YouTube is close to a deal with The William Morris Agency (one of the oldest and most respected in Hollywood) reports Brian Stelter of The New York Times. The deal would purportedly “give William Morris clients an ownership stake in the videos they create” but, beyond that, we know very little about it.
Though Google has attempted to extract meaningful ad revenue from its $1.65B acquisition with everything from partner programs to overlays to premium content from from CBS to MGM to Lionsgate, most big-name content owners have played rather wearily with the internet giant.
Kent Nichols, creator of pioneering webshow Ask A Ninja, calls the deal “just an easy way for famous people to join the partner program” for a “better deal than the scummy amateurs of the world that join the rev share program.” Nichols believes that without production financing, deals like this one are meaningless.
But Google knows that in order to attract compelling content, they need to create a value proposition worth the leap.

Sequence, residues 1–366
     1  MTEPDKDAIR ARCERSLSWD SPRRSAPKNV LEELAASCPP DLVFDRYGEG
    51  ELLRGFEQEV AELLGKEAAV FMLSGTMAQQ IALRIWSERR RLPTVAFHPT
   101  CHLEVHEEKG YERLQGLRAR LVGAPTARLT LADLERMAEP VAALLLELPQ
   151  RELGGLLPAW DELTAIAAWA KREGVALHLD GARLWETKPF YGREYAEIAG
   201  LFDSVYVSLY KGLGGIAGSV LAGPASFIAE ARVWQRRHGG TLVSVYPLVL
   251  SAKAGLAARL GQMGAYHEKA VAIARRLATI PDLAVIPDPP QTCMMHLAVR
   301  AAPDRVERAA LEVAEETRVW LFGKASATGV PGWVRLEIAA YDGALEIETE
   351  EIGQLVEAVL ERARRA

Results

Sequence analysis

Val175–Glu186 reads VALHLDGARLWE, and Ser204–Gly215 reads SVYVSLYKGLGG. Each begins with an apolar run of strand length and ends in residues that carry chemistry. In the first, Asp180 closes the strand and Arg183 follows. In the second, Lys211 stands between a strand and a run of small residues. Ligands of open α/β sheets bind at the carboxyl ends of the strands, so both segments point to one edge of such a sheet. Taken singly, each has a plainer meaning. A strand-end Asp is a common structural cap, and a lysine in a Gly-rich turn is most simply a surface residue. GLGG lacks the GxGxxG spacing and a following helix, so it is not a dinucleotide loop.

Indeed, as NewTeeVee’s Chris Albrecht notes, it’s hard to say in the absence of more information what exactly this deal means. And, though financing is certainly an important component of the equation, a mechanism that would allow established Hollywood talent to earn meaningful revenue while maintaining creative control would further shift the power structure of the entertainment industry.
If YouTube can deliver real revenue to seasoned video creators, like AdSense has (to a degree) for journalists-cum-bloggers, then this could indicate a massive shift of creative control.
Think about it: ‘What The Buck’ pulls in six-figures yearly from a show that requires almost nothing in the way of financing. Joss Whedon‘s Dr. Horrible turned a profit without studio involvement at any level. Felicia Day’s The Guild has distribution, financing AND complete creative control. All this before a clear revenue model has been figured out?!?
Creatives are getting the message: the power dynamic in Hollywood is shifting, and Google wants to play.